Thomas W. Murphy argues that DNA evidence for Native Americans renders BOM historicity implausible.

Thomas W. Murphy

Thomas W. Murphy, "Lamanite Genesis, Genealogy, and Genetics," in American Apocrypha: Essays on the Book of Mormon, ed. Dan Vogel and Brent Lee Metcalfe (Salt Lake City: Signature Books, 2002), 47–77

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Thomas W. Murphy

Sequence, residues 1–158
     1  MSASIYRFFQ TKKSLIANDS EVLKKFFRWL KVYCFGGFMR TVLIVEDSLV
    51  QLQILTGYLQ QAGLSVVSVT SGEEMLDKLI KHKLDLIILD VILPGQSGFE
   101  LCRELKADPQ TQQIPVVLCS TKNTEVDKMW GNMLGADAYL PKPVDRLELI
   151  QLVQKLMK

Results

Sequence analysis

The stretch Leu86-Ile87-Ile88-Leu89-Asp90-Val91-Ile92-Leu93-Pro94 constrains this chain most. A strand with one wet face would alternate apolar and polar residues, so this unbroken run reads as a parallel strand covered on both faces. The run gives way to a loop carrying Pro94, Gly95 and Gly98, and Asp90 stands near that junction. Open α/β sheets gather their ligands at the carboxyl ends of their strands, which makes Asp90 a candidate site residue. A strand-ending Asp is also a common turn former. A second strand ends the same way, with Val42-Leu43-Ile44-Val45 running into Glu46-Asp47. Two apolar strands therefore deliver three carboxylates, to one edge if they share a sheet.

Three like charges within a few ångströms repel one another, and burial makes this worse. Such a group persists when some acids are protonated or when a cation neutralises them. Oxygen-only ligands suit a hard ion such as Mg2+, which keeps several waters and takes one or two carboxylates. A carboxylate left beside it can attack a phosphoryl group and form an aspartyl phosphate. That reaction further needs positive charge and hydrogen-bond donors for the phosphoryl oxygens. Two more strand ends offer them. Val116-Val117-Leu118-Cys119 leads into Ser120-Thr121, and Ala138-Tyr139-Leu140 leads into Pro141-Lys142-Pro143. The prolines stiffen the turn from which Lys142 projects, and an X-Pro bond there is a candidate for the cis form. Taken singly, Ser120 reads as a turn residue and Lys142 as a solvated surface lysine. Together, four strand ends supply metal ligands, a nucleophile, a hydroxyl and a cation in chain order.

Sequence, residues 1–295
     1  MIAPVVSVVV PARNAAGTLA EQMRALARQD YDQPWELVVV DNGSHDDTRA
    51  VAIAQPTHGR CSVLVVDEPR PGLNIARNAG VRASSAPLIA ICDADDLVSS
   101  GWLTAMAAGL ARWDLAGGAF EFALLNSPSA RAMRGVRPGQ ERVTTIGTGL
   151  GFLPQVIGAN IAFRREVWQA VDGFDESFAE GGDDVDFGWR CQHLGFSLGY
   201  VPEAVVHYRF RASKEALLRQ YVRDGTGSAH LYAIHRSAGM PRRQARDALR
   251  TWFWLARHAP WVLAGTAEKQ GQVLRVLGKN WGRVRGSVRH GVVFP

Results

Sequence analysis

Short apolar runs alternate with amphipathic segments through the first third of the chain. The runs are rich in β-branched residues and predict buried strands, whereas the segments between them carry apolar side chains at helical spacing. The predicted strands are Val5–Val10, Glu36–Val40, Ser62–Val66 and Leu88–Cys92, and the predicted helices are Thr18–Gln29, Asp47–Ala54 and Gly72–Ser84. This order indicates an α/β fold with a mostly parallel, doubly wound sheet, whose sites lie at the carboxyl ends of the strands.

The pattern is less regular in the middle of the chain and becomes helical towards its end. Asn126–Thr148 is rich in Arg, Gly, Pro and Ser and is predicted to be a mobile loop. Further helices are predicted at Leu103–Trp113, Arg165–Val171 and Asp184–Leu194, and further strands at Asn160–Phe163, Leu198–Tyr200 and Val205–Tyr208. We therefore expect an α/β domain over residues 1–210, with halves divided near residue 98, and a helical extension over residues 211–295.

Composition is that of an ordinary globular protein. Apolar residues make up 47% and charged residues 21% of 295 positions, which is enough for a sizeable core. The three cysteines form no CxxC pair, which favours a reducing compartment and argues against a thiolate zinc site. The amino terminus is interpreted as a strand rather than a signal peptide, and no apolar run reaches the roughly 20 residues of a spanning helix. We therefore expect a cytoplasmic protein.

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Some Latter-day Saints have expressed optimism that DNA research would lead to a vindication of the Book of Mormon as a translation of a genuine ancient document. The hope is that DNA research would link Native Americans to ancient Israelites, buttressing LDS beliefs in a way that has not been forthcoming from archaeological, linguistic, historical, or morphological research. The results, though, have been disappointing. This essay outlines two significant insights into the geography and history of human genes and their implications for Mormon thought. If the new embrace of DNA research has an impact on Mormon views of the world, it will likely propel new approaches to scripture and history already underway in Mormon intellectual circles. First, the genealogical data inscribed in human genes suggest to current researchers that humans and chimpanzees share a common ancestor that lived in Africa between five and seven million years ago. This genetic data adds to the abundance of archaeological, fossil, and anatomical data pointing to ancient human origins in Africa and adds to difficulties in upholding scriptural literalism. Second, genealogical data inscribed in genes of modern humans and ancient American skeletons not only helps researchers to identify ultimate origins but also provides clues to ancient migration patterns. Current genetic data suggest that ancestors of Native Americans separated from their Asian neighbors about 40-50,000 years ago and from each other in what may have been three or more separate waves of migration by 7-15,000 years ago. No support for Mormon beliefs linking American Indians to ancient Israelites is evident in the data.

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